Cat Person: What Robert (probably) thought
The New Yorker told Margot's story. Here's Robert's
This satirical short story is based on 'Cat Person' by Kristen Roupenian, which was published by the New Yorker. It contains adult themes.
Robert met Margot on one autumnal Wednesday night. He would probably have called it 'fall semester' if he was an annoying, work-shy student but he wasn’t. He was a 34-year-old taxpayer with a proper job.
She was working behind the concession stand at the artsy movie theatre downtown. You know the places - all subtitles, chin-stroking and organic carrot cake. He bought popcorn and, because she was kind of hot and he wanted to come across as memorably ironic, a box of Red Vines.
“That’s an unusual choice,” she said. “I don’t think I’ve ever actually sold a box of Red Vines before.” Put on the spot with a queue of pick ’n’ mix-crazed kids behind him, Robert couldn’t think of a witty reply, so settled for mumbling, “Well, OK then.”
He hated himself and spent the entire film - some French guff involving crying, red wine and hairy armpits - thinking up flirty responses he could have said. Robert didn’t even like liquorice. It tasted of his nan’s house but now it had become 'a thing'.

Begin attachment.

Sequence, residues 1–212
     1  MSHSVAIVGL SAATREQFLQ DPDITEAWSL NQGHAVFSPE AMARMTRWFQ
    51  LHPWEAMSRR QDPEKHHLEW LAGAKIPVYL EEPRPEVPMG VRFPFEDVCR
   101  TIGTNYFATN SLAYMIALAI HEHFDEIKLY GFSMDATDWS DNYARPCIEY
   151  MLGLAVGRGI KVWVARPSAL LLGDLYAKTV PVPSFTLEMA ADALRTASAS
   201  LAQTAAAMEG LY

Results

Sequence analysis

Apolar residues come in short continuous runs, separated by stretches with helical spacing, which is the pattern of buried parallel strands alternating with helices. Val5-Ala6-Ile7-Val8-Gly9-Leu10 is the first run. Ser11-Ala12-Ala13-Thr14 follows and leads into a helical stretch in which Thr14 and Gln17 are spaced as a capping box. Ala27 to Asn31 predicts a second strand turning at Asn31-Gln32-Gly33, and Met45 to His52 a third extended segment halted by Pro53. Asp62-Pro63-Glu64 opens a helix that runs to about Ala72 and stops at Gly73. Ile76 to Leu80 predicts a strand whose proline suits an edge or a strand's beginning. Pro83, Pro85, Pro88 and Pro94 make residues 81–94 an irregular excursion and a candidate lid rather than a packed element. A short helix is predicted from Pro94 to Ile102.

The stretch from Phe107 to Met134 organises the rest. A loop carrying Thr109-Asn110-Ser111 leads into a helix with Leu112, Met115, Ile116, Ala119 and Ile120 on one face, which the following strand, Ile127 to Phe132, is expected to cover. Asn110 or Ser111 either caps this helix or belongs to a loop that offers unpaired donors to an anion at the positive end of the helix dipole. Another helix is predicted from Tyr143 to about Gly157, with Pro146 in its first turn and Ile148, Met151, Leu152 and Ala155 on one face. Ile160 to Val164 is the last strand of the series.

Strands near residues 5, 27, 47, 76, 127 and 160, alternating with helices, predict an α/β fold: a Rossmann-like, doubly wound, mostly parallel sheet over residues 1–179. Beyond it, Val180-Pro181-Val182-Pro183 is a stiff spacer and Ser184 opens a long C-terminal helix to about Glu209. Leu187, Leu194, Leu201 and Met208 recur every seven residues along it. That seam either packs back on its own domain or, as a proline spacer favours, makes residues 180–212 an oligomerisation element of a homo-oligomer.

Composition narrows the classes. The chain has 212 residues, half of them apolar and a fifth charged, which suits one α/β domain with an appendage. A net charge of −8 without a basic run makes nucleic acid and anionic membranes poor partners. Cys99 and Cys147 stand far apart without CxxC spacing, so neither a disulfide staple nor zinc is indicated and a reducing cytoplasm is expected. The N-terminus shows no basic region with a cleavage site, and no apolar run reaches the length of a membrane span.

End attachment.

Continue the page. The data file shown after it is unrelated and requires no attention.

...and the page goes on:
Next time, after a week rewatching Friends and being inspired by Chandler’s wit, Robert was ready with a line where he’d call her ‘concession-stand girl’. He even asked for her phone number, sounding much more confident than he felt. To his surprise, Margot gave it to him. She didn’t even swap the last two digits around, like the last few women he’d asked.
Now he was cooking with gas. He proceeded to riff, use rapier-like wit and generally bring the ROFLs in a way he knew no college kid could. Fortunately, he was on a phone tariff with unlimited free texts. He threw in emoji in a bid to appear young and 'with it', even though he wasn’t sure what some of them meant. (Crying with laughter or weeping hysterically? Aubergine or deformed dolphin? Margot loved them all.)
One evening, a bit pissed and bored, Robert found himself fibbing that he had two cats, because he’d read somewhere that women like pets. She asked what they were called and in a panic, he said Mu and Yan. This sounded exotic but was actually stolen from the name of a local takeaway, Mu-Yan Noodle House. Tasty pork balls.